HYPREP Not Capable Of Handling Ogoni Cleanup Project, Says UNEP

The UN agency said at the rate it is going, “it will take HYPREP 100 years to utilise its 5-year budget” and complete its assignment.

The United Nations Environmental Programme (UNEP), which assists developing countries to implement environmentally sound policies, has passed a vote of no confidence on the Nigerian agency supervising the Ogoni cleanup project.

The Federal Government launched the project in June, 2016, after many years of hesitancy with the aim of reviving the environment which had been devasted by crude oil exploitation by international oil companies such as Shell.

According to its assessment included in a report released on Thursday, the Hydrocarbon Pollution Remediation Project (HYPREP) is beset with many structural flaws and “is not designed, nor structured, to implement a project as complex and sizable as the Ogoniland clean-up”.

The report, No Clean-Up, No Justice, was published jointly by Amnesty International, Environmental Rights Action/Friends of the Earth Nigeria (ERA/FoEN), Friends of the Earth Europe, and Milieudefensie.

Providing updates to a similar report published in 2014, it evaluated how much progress had been made nine years after UNEP recommended a massive cleanup to remedy the environmental pollution in Ogoniland.

“The findings presented in this report are based on a series of detailed assessments of HYPREP’s performance, produced by UNEP, since early 2019. These documents have not previously been made public.

“Researchers also visited spill sites where HYPREP has appointed contractors to conduct clean-up, reviewed satellite images, photographs and videos of the sites, reviewed publicly available information on HYPREP, and conducted interviews with experts with knowledge of HYPREP’s operations,” the groups explained.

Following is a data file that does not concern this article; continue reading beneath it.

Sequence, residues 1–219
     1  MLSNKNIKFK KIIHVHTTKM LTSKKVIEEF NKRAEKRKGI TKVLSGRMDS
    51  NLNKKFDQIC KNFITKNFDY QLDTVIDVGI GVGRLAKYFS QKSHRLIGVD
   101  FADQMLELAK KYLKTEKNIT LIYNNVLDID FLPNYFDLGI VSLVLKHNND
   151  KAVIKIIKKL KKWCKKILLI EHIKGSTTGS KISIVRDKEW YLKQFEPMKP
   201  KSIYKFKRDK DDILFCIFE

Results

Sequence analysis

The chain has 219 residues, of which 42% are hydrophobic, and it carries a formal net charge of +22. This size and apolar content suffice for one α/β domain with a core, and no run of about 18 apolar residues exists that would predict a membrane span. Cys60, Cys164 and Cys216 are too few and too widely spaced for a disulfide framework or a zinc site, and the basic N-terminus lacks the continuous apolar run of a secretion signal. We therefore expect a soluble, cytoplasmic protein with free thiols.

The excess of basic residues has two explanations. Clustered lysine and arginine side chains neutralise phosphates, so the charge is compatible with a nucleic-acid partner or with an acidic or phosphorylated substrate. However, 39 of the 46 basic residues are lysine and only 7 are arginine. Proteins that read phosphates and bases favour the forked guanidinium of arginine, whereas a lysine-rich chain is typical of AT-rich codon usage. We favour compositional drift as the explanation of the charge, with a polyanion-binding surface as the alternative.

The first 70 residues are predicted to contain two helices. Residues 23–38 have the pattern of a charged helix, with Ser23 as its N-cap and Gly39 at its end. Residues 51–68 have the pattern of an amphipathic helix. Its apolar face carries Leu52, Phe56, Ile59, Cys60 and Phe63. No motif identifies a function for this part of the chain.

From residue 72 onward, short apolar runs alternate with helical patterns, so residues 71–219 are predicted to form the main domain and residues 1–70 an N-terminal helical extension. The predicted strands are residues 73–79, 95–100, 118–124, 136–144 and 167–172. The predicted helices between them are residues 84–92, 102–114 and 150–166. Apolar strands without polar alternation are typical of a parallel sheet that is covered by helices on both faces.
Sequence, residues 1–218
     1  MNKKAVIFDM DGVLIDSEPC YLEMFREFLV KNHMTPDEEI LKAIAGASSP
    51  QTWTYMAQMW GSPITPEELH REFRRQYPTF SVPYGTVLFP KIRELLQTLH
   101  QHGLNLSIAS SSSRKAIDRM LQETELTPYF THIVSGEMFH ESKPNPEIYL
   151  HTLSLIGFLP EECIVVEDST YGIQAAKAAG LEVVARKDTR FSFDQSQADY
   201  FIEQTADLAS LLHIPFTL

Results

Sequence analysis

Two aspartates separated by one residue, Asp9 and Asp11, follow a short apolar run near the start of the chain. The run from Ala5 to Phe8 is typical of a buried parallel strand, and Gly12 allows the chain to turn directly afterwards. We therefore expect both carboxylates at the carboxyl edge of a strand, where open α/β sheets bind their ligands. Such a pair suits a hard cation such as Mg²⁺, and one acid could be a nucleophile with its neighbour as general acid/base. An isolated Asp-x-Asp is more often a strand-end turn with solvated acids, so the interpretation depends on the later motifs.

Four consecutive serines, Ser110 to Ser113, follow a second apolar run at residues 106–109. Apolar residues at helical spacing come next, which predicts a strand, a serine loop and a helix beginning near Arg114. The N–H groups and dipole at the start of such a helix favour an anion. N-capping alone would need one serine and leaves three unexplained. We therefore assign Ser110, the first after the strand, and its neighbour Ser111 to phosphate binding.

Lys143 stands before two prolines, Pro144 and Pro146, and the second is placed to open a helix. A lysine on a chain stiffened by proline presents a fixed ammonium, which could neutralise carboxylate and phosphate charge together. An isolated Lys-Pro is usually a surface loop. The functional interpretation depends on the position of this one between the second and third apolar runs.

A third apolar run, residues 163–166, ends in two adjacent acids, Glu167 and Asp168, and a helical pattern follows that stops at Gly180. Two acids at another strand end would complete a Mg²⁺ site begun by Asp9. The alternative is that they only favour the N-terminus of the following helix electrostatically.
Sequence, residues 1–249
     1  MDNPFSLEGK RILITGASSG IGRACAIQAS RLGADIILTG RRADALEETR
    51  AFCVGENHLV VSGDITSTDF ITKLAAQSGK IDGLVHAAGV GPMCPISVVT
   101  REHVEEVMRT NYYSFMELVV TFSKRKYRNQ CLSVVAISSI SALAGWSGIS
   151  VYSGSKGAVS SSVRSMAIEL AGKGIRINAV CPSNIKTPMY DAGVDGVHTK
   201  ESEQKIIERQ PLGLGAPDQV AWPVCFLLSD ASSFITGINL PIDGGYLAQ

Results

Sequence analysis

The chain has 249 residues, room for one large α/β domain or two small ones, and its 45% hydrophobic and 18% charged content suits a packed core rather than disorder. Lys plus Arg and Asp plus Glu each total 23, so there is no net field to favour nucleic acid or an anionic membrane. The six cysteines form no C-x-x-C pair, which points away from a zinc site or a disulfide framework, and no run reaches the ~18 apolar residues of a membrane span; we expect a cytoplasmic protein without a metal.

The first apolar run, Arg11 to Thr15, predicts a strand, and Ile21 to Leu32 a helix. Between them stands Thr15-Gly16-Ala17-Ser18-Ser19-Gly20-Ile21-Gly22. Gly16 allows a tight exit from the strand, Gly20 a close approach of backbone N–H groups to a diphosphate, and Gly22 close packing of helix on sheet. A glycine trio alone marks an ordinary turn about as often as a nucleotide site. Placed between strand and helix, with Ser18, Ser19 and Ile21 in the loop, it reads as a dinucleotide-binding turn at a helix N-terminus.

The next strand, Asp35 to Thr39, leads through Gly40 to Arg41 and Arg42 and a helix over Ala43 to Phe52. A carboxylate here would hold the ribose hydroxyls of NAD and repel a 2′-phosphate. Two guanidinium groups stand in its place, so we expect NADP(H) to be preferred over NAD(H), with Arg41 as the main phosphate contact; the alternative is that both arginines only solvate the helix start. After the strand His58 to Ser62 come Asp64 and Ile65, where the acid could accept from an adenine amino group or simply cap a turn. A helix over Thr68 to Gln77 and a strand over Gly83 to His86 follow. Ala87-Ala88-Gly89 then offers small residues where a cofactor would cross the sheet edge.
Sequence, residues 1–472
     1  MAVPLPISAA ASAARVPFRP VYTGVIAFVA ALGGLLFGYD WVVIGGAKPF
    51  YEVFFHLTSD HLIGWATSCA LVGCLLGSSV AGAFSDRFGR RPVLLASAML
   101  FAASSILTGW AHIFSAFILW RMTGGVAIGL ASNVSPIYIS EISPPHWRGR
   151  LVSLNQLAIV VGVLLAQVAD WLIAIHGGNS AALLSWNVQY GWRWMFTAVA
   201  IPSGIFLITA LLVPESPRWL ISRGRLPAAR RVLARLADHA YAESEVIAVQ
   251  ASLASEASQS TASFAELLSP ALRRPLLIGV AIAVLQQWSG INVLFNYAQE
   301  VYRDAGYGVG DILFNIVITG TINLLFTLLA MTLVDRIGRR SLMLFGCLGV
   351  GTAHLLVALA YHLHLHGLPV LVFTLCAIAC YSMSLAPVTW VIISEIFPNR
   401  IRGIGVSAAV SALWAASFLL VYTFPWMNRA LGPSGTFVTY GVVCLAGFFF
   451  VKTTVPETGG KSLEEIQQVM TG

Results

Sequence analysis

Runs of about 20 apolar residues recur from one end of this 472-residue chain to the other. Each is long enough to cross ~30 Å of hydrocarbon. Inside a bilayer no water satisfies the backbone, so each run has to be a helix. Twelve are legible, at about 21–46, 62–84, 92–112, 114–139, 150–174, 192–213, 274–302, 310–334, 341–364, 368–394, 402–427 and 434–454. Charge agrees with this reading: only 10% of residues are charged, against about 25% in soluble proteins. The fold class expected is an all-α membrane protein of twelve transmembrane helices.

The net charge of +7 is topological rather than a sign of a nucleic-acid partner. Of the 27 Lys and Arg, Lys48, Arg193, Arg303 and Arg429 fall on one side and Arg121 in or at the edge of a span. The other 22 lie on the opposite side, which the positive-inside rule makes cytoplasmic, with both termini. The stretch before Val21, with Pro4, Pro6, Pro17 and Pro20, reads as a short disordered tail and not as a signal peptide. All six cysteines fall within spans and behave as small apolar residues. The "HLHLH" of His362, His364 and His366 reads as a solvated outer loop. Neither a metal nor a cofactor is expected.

In the executive summary, they said despite UNEP’s recommendations and the launch of the cleanup and restoration programme in 2017, Ogoni people were still waiting endlessly for their communities to be free from oil pollution.

“This is despite hundreds of millions of dollars being transferred to HYPREP by the companies and it spending some thirty million dollars,” the report noted.

In a previously unreleased assessment of HYPREP’s capacity done in February, 2019, the United Nations agency said it would take the implementation agency 100 years to exhaust its five-year budget given its pace of procurement and disbursement.

“There is no overall strategy for HYPREP to achieve its mission of implementing the UNEP report.

“As a result, it is not possible for the various elements of HYPREP (both within, as well as the consultants) to formulate their respective strategies and action plans,” it noted.

In November, 2019, UNEP concluded that HYPREP’s structure was not suitable for a project as sophisticated as the cleanup.

The issues it highlighted included “the absence of a work/implementation plan; severe financial and administrative bottlenecks; a lack of relevant project experience at the level of unit managers; [and] cumbersome Federal Government administrative and financial procedures.”